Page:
By Lakshmi Magon

This year, three studies showed that humor is useful for engaging the public about climate change. The studies, published in The Journal of Science Communication, Comedy Studies and Science Communication, added to the growing wave of scientists, entertainers and politicians who agree.

Read More Show Less
Sponsored
rhodesj / Flickr / CC BY 2.0

Cities around the country are considering following the lead of Berkeley, California, which became the first city to ban the installation of natural gas lines in new homes this summer.

Read More Show Less
Rebecca Burgess came up with the idea of a fibersheds project to develop an eco-friendly, locally sourced wardrobe. Nicolás Boullosa / CC BY 2.0

By Tara Lohan

If I were to open my refrigerator, the origins of most of the food wouldn't be too much of a mystery — the milk, cheese and produce all come from relatively nearby farms. I can tell from the labels on other packaged goods if they're fair trade, non-GMO or organic.

Read More Show Less
A television crew reports on Hurricane Dorian while waves crash against the Banana River sea wall. Paul Hennessy / SOPA Images / LightRocket / Getty Images

By Mark Hertsgaard and Kyle Pope

Some good news, for a change, about climate change: When hundreds of newsrooms focus their attention on the climate crisis, all at the same time, the public conversation about the problem gets better: more prominent, more informative, more urgent.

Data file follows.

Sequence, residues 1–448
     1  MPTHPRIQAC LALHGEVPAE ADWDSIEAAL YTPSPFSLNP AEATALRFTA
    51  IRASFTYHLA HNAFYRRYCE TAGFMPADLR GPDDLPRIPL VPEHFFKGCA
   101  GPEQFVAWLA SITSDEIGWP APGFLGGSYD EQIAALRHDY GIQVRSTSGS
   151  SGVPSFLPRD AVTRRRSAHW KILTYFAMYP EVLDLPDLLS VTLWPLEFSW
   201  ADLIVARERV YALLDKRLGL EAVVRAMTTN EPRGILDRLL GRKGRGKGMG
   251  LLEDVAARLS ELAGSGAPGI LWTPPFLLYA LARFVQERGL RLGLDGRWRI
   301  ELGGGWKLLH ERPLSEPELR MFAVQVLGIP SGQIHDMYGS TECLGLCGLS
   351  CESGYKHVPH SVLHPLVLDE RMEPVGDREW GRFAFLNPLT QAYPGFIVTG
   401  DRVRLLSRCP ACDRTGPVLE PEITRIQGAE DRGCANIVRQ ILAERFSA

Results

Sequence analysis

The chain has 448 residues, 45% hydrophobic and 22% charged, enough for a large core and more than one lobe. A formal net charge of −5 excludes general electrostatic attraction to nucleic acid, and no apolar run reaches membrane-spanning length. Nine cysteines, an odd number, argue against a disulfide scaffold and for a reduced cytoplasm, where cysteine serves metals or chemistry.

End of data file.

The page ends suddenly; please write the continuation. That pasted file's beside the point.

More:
Read More Show Less
Sponsored
U.S. Senators Chris Coons (D-Del.) and Mike Braun (R-Ind.) met with Bill Gates on Nov. 7 to discuss climate change and ways to address the challenge. Senator Chris Coons

The U.S. Senate's bipartisan climate caucus started with just two members, a Republican from Indiana and a Democrat from Delaware. Now it's up to eight members after two Democrats, one Independent and three more Republicans joined the caucus last week, as The Hill reported.

Read More Show Less
EPA scientists survey aquatic life in Newport, Oregon. U.S. Environmental Protection Agency

The U.S. Environmental Protection Agency (EPA) is proposing to significantly limit the use of science in agency rulemaking around public health, the The New York Times reports.

Read More Show Less
A timelapse video shows synthetic material and baby fish collected from a plankton sample from a surface slick taken off Hawaii's coast. Honolulu Star-Advertiser / YouTube screenshot

A team of researchers led by the National Oceanic and Atmospheric Administration didn't intend to study plastic pollution when they towed a tiny mesh net through the waters off Hawaii's West Coast. Instead, they wanted to learn more about the habits of larval fish.

Read More Show Less